Car manufacturers have a duty to provide safe vehicles for drivers and passengers. A safe car includes an airbag that can help lessen the effects of an auto accident. What happens when your airbag doesn’t expand during a wreck? Can you sue the manufacturer of that airbag? An Ascension Parish lawsuit shows why the absence of a car that has a defective airbag will cause major headaches for your product liability lawsuit.
While traveling through Ascension Parish in the summer of 2012, Joseph M. Dortch (“Dortch”) swerved off the road and into a ditch after trying to avoid another vehicle crossing over the centerline of the highway. Dortch was transported to the hospital by ambulance and sustained several injuries. His car was totaled and eventually sold by his insurance company, State Farm Mutual Automobile.
Following the accident, Dortch sued the other driver and FCA US LLC. Against FCA US LLC, Dortch claimed that the airbags in his vehicle were “unreasonably dangerous” because they failed to deploy during the accident and were, thus, the proximate and contributory cause of his injuries. FCA US LLC filed a motion for summary judgment in response to these claims, arguing three points to undermine Dortch’s allegations.
First, FCA US LLC argued that summary judgment should be granted because Dortch had insufficient evidence to support his claims at trial since he did not possess the vehicle or any of its parts, including the airbag system, at issue in the lawsuit. Second, although the car manufacturing company did concede that the airbags did not deploy during the accident, FCA US LLC further argued that Dortch had no evidence to prove the airbags should have deployed, that their failure to deploy was the result of a product defect, or that the alleged product defect was the cause of Dortch’s injuries. Finally, FCA US LLC argued that Dortch could not meet the burden of proof to establish a res ipsa loquitur claim.
At a hearing on the motion for summary judgment, the trial court ruled in FCA US LLC’s favor citing its first argument that in the absence of Dortch’s possession of the vehicle, the driver’s claims could not proceed. As a result, the trial court dismissed Dortch’s lawsuit, and he appealed.
On appeal, the First Circuit discussed the grounds upon which a product may be considered “unreasonably dangerous” according to Louisiana law, including in construction or composition (La. R.S. 9:2800.55); in design (La. R.S. 9:2800.56); lacking adequate warning (La. R.S. 9.2800.57); and failure to conform to the manufacturer’s express warranty (La. R.S. 9:2800.58). Nevertheless, the First Circuit determined that Dortch did not present any evidence of the previously mentioned conditions. Therefore, Dortch turned to res ipsa loquitur doctrine in seeking relief for the failure of the airbag to deploy.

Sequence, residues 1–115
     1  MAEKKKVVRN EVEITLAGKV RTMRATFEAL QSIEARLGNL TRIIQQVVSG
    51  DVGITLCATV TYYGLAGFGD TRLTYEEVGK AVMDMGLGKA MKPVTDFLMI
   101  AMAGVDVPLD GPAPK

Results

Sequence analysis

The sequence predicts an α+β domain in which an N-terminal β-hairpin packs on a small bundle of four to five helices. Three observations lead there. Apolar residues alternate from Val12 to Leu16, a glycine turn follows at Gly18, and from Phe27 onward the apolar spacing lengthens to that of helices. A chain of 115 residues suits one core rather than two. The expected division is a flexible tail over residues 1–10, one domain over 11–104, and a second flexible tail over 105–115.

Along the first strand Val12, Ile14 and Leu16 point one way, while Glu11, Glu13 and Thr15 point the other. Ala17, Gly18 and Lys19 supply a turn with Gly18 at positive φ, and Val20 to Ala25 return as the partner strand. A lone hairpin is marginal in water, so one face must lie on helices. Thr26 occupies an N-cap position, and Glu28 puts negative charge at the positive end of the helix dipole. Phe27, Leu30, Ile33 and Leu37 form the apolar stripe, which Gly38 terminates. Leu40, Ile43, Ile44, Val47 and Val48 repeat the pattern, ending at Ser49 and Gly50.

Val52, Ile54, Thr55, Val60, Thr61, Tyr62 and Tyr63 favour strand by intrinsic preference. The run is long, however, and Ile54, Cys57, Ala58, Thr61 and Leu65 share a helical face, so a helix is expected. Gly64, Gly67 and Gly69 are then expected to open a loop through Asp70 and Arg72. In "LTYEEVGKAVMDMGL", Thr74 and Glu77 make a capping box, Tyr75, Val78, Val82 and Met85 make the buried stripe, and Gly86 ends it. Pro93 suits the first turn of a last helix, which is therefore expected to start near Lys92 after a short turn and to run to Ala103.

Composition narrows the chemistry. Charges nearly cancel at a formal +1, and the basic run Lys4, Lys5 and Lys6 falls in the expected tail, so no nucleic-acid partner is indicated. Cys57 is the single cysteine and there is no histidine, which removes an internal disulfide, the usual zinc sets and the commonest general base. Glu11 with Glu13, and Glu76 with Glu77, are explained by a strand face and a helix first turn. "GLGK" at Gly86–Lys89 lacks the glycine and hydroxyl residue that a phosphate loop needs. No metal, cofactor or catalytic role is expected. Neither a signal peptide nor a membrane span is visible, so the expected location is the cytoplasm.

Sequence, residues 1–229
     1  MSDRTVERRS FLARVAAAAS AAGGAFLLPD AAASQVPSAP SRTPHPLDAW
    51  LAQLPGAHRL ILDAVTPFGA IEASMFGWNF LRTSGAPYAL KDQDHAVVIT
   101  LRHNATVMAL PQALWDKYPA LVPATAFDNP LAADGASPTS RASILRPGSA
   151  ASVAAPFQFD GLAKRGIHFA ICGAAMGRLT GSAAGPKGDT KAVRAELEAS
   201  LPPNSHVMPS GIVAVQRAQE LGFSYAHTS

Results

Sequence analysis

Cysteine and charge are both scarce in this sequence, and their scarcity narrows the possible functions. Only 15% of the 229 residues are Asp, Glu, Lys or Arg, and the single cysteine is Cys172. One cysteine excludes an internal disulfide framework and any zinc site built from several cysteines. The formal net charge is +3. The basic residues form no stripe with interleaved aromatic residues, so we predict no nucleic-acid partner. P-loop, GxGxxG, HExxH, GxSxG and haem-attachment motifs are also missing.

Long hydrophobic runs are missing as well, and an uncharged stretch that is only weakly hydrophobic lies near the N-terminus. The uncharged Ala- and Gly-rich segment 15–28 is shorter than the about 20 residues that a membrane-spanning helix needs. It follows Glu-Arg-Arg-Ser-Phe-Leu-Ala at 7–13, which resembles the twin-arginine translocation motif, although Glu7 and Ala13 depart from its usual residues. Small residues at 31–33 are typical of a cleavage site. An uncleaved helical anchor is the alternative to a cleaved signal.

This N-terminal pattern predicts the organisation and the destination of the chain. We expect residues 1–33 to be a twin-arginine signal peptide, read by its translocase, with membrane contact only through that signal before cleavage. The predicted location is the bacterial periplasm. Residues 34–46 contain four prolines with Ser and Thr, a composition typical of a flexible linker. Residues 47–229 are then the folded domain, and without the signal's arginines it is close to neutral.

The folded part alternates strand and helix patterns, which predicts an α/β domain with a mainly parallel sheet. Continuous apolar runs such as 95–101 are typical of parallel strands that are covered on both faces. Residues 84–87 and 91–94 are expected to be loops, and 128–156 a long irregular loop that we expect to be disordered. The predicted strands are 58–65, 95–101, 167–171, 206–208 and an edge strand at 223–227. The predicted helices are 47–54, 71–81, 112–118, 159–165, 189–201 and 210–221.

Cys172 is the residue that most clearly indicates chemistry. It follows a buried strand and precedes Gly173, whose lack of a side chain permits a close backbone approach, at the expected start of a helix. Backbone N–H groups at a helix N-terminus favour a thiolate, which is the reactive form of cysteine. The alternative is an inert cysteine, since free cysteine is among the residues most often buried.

Res ipsa loquitur is an evidentiary legal doctrine. It acknowledges that even without direct evidence related to the cause of an accident, one can still prove causation. To do so, Dortch needed to show; (1) the accident would not have normally happened without negligence and (2) the accident was caused by something or someone within the control of the accused party. Yet, once again, the First Circuit found that Dortch did not meet the standards for this doctrine either because he failed to present evidence to establish that the airbags were unreasonably dangerous. The appeals court reasoned that merely stating that the airbags should have been deployed was not enough. Thus, the First Circuit could not find that FCA US LLC had breached any legal duty owed to Dortch. The appeals court also stated there have been some instances where courts have determined that an airbag not deploying during an accident is the proper function for that scenario. Therefore, the absence of the car (and airbags) in question played a significant role in the dismissal of the case.
In a last-ditch effort, Dortch argued on appeal that the trial court should not have granted summary judgment in favor of FCA US LLC because he should have had more time to conduct adequate discovery, such as gathering evidence, preparing witnesses, and seeking expert testimony. The First Circuit, however, remained unpersuaded, stating that Dortch had nearly two years to search for the vehicle. During that time, he could have secured the testimony of an expert who could demonstrate that the airbag failed to deploy due to FCA US LLC’s negligence.
The First Circuit affirmed the trial court ruling and dismissed Dortch’s claims. While accidents do happen, the tricker consideration is establishing the cause. For claims like this, having an excellent attorney early in the discovery process to collect the necessary evidence to prove negligence is the key to a successful and credible case.
Additional Sources: JOSEPH M. DORTCH VERSES JANE DOE & CHRYSLER GROUP, LLC
Written by Berniard Law Firm Blog Writer: Gina McKlveen
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